Fred Hoiberg is one of two former NBA players leading teams into East regional semifinals this weekend, as he brings Iowa State into Madison Square Garden. (Photo courtesy of the Associated Press)
Our team-by-team previews of this weekend's East regional semifinals and final at Madison Square Garden continue on today, After taking a closer look at No. 1 seed Virginia yesterday, we move on to profile the team that could very well be the most complete of the quartet invading the Big Apple, one who needed last-second heroics to take down one of the most recognizable programs in the nation.
Iowa State Cyclones (28-7, No. 3 seed)
Last Sweet 16 appearance: 2000 (advanced to Elite 8)
How They Got Here: Defeated No. 14 seed North Carolina Central 93-75 on March 21, defeated No. 6 seed North Carolina 85-83 on March 23 (both games in San Antonio, Tex.)
What They Bring To The Table: A smashmouth style on both ends of the ball that is unmatched by any of the three remaining teams in the regional, relying on transition offense and a hard-nosed approach to rebounding led by three players that average seven or more boards per game. The calm demeanor of head coach Fred Hoiberg, a former Iowa State player who also spent a decade in the NBA with the Indiana Pacers, Chicago Bulls and Minnesota Timberwolves, also goes a long way in shaping the Cyclones, who are unfazed by big stages and bigger teams. Iowa State averages 83 points per game offensively, with four players in double figures, even though one of them (Georges Niang) is inactive.
The Iowa State offense begins and ends with two people, but more so DeAndre Kane than anyone else. The Pittsburgh native, who used his final year of eligibility this offseason to transfer into Ames after making a name for himself at Marshall, is probably the most dynamic scorer and all-around threat that most people in the nation have not heard of. For those who do not know Kane, you will love his game almost immediately...unless of course, you are a rabid North Carolina fan who is still bitter about his flair for the dramatic this past Sunday:
Besides Kane, who averages nearly seven rebounds and six assists per game to go with his 17 points per contest, the Cyclones also have the interior presence of Big 12 Player of the Year Melvin Ejim, the team's leading scorer (18.1 points per game) and second-leading rebounder, narrowly behind junior swingman and Yonkers native Dustin Hogue. Sixth man Naz Long is Hoiberg's most prolific marksman, shooting 41 percent from three-point range, while Monte Morris provides a stable and efficient hand in the backcourt alongside Kane, bringing a 5:1 assist to turnover ratio onto the hardwood. In addition to Hogue, Iowa State has another local angle on their bench in assistant coach Matt Abdelmassih, who graduated from St. John's University seven years ago, and took a course in stadium and arena management with yours truly once upon a time before either of us entered our respective industries.
Where They Have An Advantage: Ball movement. Simply put, Iowa State's offensive sets are second to none. On the season, the Cyclones average nearly 19 assists per game compared to just over 10 turnovers, with both starting guards in Kane and Morris posting triple-digit assist totals for the season. In addition, if pressured into a shootout from behind the three-point line, Iowa State has the second and third options to withstand a flurry of shots beyond the arc, with Hogue (35 percent) and Long (41) supplementing Kane and Ejim, who shoot 39 and 34 from three, respectively. This truly is one team that you do not want to take for granted, particuarly on the offensive end. When left open, as North Carolina made the mistake of doing against Long and Morris in the final minutes, not only can the Cyclones burn you, they will.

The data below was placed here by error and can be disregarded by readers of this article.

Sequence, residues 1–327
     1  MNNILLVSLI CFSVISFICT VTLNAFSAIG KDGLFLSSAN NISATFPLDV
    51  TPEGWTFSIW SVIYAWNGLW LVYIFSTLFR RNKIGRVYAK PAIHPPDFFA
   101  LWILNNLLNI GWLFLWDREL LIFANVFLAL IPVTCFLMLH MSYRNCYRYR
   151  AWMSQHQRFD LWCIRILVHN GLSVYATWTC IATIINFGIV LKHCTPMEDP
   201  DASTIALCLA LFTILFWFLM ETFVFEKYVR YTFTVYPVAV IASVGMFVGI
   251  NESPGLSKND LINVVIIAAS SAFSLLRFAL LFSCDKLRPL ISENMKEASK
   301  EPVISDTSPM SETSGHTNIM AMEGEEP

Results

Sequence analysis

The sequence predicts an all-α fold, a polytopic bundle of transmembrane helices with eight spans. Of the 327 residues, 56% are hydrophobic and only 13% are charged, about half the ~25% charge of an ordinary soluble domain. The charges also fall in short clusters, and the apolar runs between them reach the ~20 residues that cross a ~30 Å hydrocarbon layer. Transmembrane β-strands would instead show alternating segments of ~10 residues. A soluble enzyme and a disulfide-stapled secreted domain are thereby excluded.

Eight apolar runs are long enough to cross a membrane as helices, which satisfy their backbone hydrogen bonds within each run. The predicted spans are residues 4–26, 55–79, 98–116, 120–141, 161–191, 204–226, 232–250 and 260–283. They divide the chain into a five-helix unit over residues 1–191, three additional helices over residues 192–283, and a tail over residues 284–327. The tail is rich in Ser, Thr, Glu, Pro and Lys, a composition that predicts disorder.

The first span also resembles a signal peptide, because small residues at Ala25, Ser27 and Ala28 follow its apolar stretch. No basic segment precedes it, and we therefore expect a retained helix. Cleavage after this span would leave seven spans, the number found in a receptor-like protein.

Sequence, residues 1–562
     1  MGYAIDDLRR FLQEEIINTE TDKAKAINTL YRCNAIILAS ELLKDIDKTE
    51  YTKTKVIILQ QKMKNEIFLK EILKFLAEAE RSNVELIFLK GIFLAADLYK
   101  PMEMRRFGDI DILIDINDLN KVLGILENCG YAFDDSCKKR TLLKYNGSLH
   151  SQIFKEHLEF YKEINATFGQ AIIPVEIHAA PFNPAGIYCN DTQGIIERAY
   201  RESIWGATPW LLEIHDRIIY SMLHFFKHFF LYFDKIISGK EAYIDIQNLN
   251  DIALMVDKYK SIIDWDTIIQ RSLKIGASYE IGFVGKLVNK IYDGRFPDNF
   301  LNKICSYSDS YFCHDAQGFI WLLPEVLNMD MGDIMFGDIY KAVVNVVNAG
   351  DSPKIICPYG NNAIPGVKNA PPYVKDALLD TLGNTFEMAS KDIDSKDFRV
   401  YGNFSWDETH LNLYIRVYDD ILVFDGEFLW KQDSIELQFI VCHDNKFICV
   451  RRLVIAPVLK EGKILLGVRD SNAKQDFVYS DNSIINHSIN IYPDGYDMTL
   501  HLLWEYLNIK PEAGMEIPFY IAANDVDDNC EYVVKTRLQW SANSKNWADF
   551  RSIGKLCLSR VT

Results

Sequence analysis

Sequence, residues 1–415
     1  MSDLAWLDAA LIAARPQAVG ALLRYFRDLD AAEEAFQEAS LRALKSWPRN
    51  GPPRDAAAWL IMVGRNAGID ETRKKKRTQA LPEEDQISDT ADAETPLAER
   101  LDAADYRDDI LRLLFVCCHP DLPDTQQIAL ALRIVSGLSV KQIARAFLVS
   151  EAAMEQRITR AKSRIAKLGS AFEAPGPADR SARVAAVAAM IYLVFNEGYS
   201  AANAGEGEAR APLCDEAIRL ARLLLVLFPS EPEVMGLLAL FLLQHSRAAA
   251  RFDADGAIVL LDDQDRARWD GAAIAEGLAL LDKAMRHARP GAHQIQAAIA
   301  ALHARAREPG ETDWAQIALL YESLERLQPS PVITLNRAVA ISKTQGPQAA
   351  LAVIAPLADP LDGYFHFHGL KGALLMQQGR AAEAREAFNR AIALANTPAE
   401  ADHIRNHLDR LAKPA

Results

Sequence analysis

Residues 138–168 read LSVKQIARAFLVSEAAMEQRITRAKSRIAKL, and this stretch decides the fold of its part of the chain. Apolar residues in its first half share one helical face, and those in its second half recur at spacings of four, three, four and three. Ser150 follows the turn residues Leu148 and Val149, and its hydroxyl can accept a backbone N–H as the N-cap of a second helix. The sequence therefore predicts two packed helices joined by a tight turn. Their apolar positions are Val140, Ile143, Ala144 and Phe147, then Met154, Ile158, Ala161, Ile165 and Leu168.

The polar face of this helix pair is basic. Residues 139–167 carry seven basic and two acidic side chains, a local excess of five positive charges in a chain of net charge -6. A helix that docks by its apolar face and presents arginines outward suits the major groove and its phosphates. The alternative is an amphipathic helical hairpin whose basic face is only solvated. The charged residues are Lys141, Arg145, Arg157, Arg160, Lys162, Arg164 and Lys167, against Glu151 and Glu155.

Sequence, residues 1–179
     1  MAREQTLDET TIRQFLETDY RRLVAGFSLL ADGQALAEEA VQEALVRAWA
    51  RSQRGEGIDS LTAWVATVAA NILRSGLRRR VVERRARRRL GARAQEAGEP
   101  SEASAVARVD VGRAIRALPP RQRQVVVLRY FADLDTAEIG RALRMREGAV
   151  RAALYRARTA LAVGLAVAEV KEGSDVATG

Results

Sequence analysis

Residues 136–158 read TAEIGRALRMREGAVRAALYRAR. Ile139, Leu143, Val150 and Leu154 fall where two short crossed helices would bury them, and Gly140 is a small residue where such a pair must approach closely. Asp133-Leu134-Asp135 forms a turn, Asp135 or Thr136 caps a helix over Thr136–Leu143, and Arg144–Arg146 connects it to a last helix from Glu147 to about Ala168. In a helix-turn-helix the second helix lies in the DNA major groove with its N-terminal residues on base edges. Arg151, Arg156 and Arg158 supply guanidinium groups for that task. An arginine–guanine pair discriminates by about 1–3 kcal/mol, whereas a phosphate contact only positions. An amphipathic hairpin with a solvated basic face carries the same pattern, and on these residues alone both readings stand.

Where They May Struggle: On the boards and in the paint, even more so without Georges Niang. Iowa State had difficulty handling Kennedy Meeks against North Carolina on Sunday, and will not have it easy in their first draw of the weekend, taking on a UConn team that will throw both Tyler Olander and Amida Brimah at the Cyclone front line. Should they emerge victorious, Iowa State's reward for surviving that battle will be having to contain either Virginia's two-headed interior monster of 6-11 Mike Tobey and 6-8 Akil Mitchell, or 6-10 mountain of a man Adreian Payne if Michigan State advances to the Elite Eight.
Keys To Victory Against UConn: Much like their emphatic blowout of the Huskies in 2012, a game that turned out to be the final game Hall of Famer Jim Calhoun coached before his medically-induced retirement, Iowa State needs to unleash their X-factor early and often. Two years ago, it was Royce White. On Friday, it will be Ejim, whose muscular frame gives him a size advantage on the wing against DeAndre Daniels and Niels Giffey of UConn, who is a backcourt-oriented team behind Shabazz Napier and Ryan Boatright. If Kane can turn the Huskies over and start the Cyclones' push-button transition offense, that will be half the battle for a team that is emerging as a dark horse pick to reach the Final Four.